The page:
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BY TIM BRASS
It was way back in 1996 when I first stumbled behind my dad and grandpa with a pair of waders two sizes too big and a musty hand-me-down canvas camo coat. We made it to the lone hackberry tree and then waited, and waited …
It was duck opener on a state wildlife area in western Minnesota and we arrived a good three hours early with ample time to beat the competition to “the spot” — an exercise I would repeat time and time again, almost exclusively on public lands. From the wide Army Corps mud flats in Oregon to the burly Colorado backcountry, our vast public lands are largely to thank for the many hunting experiences that made me who I am.
Looking back, I realize I was born with a silver shotgun in my hand. But where our family was rich in hunting-tradition, we were poor in land. Thus, we learned to share the land set aside generations ago for sportsmen and women of all backgrounds to hunt and fish on — our rich portfolio of public lands.
As part of the 40 percent of American hunters and who rely on public lands, I know I’m not alone in being perplexed by the growing cry by out of touch politicians to sell-off, or slyly transfer from federal to state ownership, our Western public lands as a way to ease our great nation’s growing debt.
In Montana the GOP recently approved putting a pro-federal land transfer position on their party platform. In Utah, a well-funded pro-land transfer effort led by radical county commissioners is now sweeping across the West (see
www.americanlandscouncil.org). And in Washington DC, Republican leaders in the House of Representatives have included public land sell-offs in the budget and as amendments to otherwise well-supported legislation, such as the bi-partisan Sportsman’s Act.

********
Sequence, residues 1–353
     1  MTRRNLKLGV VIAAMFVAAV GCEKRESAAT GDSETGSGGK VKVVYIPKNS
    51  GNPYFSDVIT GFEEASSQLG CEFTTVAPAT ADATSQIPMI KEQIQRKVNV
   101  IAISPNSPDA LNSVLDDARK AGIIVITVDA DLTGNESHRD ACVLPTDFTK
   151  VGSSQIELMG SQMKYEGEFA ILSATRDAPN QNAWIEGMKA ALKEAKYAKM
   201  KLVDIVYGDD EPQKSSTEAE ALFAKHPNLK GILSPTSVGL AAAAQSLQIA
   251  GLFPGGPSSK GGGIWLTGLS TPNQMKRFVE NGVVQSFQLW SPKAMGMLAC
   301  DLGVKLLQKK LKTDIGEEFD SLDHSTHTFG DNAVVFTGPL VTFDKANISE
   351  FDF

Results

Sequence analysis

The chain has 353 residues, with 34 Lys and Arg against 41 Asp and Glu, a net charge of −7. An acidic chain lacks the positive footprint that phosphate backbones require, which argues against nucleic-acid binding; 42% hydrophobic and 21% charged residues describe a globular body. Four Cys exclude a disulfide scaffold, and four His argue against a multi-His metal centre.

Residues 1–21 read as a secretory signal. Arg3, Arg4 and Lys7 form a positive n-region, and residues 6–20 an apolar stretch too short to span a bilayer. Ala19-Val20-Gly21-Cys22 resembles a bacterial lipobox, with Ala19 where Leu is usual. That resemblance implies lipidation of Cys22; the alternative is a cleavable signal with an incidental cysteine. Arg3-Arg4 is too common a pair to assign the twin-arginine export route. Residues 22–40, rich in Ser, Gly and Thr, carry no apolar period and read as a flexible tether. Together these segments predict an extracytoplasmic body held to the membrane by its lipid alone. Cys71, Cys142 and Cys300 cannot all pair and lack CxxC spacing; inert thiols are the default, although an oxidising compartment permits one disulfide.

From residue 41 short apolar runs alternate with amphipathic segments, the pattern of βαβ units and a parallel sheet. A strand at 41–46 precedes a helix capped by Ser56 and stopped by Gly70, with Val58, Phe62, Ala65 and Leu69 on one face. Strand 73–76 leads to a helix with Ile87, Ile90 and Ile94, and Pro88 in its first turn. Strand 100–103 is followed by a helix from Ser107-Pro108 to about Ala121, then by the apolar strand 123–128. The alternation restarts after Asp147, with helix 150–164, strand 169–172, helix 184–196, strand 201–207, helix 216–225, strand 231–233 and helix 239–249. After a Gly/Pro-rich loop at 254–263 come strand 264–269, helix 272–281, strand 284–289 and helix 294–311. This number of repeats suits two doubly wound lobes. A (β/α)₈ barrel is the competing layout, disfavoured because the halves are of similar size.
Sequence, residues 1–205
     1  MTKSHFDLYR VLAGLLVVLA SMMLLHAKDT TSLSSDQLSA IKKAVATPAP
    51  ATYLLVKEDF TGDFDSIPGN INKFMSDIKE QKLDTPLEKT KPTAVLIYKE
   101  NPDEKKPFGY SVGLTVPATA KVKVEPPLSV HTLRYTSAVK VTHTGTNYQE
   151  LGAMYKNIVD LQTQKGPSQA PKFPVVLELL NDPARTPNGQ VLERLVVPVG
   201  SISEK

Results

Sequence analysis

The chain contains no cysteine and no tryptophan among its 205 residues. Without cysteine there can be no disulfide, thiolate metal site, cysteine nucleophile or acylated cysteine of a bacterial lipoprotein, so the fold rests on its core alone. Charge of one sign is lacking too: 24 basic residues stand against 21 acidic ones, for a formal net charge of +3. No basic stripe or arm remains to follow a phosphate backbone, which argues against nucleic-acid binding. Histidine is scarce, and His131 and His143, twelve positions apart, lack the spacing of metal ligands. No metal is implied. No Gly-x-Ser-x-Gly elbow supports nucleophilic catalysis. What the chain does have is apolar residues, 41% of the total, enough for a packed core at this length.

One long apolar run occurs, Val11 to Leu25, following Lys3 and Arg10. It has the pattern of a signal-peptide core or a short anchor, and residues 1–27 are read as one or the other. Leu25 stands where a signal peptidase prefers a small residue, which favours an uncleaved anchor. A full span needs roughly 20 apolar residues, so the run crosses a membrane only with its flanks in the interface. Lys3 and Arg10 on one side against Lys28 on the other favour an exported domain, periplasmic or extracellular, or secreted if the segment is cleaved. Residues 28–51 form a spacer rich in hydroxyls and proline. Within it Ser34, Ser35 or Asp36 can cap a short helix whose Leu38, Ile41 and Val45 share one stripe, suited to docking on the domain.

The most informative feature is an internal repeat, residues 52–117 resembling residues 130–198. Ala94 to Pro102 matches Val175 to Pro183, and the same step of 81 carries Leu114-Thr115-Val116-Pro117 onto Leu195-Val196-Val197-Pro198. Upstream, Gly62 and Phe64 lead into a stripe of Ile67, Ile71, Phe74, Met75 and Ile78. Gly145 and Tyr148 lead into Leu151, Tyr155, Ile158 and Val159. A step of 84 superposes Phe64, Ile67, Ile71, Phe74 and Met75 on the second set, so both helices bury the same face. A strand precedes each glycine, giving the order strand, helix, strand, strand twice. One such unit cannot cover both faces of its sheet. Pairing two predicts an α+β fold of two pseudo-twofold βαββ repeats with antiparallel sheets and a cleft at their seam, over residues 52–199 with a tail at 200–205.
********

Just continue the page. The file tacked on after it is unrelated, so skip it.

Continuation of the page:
While there’s no doubt that our debt needs to be dealt with, auctioning off the foundation of our invaluable sporting traditions is a shortsighted fix that would benefit a few at the expense of many. And transferring land from federal
to state ownership ignores the economic realities of managing these lands. Proponents of federal land transfer claim management and access will remain the same under state control. Yet, they remain silent on any plans for how things like fire prevention and road maintenance would be paid for. Firefighting costs alone would bankrupt the states forcing them to sell the lands.
As the founding principles of public trust are increasingly challenged throughout the West, our public lands are more important than ever. They remain the bedrock keeping the North American model of wildlife management as we know it — an invaluable insurance that no matter what career you chose or family you’re born into, you will always have a place to hunt and fish.
I’ll always remember that first morning in the marsh waiting beneath the hackberry tree with an unwieldy shotgun in my hand. It was the start of a lifelong passion for hunting. It’s a memory and experience future generations deserve to share.
American sportsmen and women are a fiercely independent bunch. But to defend what we love we need to unite and fight for the public land hunting and fishing opportunities we too often take for granted. We need to join forces and stop this public land grab for good. If we don’t, who will?♦
— Tim Brass is the Southern Rockies coordinator for Backcountry Hunters & Anglers. You can reach him at tim@Backcountryhunters.org.